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If property owners can make more money renting out properties on Airbnb, that suggests short term rentals are the highest value use of that property. I derive a lot of value from using Airbnb when I travel, particularly in markets with housing shortages. If an apartment can host a hundred visitors a year, is that obviously worse for the city than renting it out to a single person?



>that suggests short term rentals are the highest value use of that property.

that's undeniably true for all property in most places that have any tourism value, but it's a short-term value akin to "if we light this city on fire, we can probably make a lot of money selling tickets to watch it".

People also have to live in the city for it to have any value as a tourism destination. If an apartment can host a hundred visitors a year but there's no service industry staff living within 50km because all their houses have been converted to AirBnB's, your tourism industry is going to collapse.


It creates an economic(and tax revenue) downward spiral in an area if it becomes a significant percentage of vacation rentals.

Real estate isn't really that controlled by market forces. Its a means to an end and pricing does not actually represent best utility.


I think the main issue is that there are laws related to hotels and there are laws around renting/leasing and there are laws around owning houses. The "short term rental" category gets to bypass all these regulations and that is the exclusive source of their margins. Once government constructs rules around short term rentals, the advantage goes away. It is also interesting that the focus of these discussions is never really balanced. It is always why it is bad for home owners or would be renters OR exclusively why it is great for consumers who get to pay less, etc. These things are complicated and it will take slow governments more time to adapt to the changed world.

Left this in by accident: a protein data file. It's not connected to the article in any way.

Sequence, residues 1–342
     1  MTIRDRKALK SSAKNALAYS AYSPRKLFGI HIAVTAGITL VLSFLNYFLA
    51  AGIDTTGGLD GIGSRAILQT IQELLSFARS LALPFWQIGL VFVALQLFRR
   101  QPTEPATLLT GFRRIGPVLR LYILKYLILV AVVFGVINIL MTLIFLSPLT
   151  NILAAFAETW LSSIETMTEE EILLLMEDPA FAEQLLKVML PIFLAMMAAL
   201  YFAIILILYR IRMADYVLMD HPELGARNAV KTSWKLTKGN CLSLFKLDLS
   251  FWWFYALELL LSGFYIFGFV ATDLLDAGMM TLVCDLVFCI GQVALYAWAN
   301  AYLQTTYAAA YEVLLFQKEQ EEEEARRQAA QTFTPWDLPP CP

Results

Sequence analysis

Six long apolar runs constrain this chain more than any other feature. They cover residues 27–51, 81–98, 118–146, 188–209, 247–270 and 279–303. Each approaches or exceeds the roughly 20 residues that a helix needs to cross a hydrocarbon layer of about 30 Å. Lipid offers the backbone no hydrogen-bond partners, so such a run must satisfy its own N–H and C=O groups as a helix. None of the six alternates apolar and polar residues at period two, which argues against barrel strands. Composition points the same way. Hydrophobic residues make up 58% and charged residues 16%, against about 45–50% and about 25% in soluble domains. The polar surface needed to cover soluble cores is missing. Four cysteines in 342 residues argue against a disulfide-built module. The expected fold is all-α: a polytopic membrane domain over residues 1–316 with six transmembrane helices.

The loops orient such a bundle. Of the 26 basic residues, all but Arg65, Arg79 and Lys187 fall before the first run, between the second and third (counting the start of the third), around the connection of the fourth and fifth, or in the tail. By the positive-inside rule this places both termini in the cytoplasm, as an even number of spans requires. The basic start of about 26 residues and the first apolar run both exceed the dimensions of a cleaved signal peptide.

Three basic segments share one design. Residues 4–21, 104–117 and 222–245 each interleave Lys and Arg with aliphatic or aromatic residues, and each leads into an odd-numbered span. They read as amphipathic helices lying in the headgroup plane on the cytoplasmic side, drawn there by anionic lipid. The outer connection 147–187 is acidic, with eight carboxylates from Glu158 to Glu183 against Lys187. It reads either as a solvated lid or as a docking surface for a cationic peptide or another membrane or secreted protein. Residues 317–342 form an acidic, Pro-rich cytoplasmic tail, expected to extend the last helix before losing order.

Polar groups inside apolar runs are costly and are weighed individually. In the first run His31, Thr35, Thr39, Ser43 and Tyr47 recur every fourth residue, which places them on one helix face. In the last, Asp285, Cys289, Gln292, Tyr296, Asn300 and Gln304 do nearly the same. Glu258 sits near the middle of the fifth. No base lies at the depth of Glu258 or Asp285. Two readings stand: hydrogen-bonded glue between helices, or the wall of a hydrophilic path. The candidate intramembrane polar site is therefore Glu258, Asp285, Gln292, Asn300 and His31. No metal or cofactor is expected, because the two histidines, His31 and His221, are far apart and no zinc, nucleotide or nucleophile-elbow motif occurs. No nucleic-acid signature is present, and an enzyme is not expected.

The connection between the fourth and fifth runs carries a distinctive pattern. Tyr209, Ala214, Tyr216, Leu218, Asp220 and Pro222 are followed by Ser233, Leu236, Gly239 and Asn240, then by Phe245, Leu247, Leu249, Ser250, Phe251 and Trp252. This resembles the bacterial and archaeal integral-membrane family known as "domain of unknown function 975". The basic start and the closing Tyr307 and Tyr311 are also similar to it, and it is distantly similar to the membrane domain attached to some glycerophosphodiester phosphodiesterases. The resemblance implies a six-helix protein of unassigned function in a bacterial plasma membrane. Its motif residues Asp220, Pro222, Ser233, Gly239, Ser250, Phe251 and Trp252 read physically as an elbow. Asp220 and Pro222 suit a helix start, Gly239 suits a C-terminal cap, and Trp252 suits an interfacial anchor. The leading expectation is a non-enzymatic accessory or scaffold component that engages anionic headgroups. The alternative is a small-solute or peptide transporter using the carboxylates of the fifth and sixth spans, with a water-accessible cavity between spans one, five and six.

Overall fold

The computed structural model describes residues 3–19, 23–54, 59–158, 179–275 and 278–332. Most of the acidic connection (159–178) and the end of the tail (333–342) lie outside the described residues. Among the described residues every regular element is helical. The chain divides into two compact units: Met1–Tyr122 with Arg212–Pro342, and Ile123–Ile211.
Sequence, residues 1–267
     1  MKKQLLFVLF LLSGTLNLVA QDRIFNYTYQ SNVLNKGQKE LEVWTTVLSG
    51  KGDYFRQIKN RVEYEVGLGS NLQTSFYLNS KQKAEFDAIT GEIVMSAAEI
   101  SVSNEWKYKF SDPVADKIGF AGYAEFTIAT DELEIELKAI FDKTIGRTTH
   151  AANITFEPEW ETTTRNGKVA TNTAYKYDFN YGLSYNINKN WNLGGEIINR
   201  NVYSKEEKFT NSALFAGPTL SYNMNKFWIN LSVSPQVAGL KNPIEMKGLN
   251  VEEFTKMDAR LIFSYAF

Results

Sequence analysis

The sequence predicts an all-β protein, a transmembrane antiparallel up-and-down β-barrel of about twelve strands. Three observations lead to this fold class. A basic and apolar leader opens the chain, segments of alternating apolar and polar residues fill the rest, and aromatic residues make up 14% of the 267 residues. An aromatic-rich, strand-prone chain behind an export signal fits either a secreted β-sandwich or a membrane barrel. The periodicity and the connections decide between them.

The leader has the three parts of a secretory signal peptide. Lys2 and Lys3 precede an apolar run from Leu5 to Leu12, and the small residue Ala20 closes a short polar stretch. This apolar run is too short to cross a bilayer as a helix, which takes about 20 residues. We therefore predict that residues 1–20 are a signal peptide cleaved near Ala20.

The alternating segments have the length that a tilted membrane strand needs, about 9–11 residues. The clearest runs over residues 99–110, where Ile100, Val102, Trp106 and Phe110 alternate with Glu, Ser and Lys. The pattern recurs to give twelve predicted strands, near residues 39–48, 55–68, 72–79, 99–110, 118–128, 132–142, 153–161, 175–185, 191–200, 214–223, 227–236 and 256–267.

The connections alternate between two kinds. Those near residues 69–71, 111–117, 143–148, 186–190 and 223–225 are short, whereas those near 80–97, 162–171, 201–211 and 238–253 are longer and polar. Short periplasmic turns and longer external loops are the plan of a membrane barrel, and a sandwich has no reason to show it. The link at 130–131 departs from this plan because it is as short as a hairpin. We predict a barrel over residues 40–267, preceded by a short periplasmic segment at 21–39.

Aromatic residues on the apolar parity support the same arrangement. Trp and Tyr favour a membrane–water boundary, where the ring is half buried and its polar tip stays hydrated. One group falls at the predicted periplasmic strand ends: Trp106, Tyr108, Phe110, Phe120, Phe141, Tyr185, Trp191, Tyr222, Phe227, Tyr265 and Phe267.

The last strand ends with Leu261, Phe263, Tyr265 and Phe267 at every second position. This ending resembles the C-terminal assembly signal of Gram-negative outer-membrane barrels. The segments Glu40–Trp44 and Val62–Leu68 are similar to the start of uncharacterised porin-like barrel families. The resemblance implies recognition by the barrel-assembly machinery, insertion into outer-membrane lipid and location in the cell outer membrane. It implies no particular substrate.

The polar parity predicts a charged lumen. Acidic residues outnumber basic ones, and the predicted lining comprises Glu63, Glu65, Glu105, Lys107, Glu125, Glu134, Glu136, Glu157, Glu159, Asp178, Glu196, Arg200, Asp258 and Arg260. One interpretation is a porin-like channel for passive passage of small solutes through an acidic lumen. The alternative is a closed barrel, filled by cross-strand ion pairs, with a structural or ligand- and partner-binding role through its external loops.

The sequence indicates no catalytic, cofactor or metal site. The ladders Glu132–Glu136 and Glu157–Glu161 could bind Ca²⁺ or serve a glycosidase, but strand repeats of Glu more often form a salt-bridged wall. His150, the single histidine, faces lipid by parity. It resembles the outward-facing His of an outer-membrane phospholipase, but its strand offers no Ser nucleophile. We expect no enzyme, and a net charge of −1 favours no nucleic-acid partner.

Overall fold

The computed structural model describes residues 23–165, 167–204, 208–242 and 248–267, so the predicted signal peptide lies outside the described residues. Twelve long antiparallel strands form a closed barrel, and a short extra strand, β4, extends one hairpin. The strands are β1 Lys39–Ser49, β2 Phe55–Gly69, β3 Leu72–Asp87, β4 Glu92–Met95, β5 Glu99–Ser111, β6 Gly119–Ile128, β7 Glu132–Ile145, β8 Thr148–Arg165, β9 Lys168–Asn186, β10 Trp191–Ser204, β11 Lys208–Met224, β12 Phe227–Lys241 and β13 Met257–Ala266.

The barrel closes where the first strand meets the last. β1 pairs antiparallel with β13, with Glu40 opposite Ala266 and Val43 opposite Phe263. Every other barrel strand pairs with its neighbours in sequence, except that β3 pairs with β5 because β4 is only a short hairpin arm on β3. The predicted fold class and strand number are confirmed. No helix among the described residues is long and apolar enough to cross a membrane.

> The "short term rental" category gets to bypass all these regulations and that is the exclusive source of their margins

I agree in part and disagree in part. I do think that regulatory arbitrage is part of what makes Airbnb, Uber, et al valuable. I don't think it's the exclusive source of their margins. They generate a lot of value through creating a liquid 2-sided market.


Not disagreeing, but aren't classified and brokers and apps like apartments.com already a liquid 2-sided market? If what you are saying is that they create a liquid market for short term rentals where that didn't exist before, then I agree but again I think that is a lot less liquid when regulation gets applied.


They definitely are. I’m saying Airbnb will be valuable for the same reason they are even as regulation limits their market.




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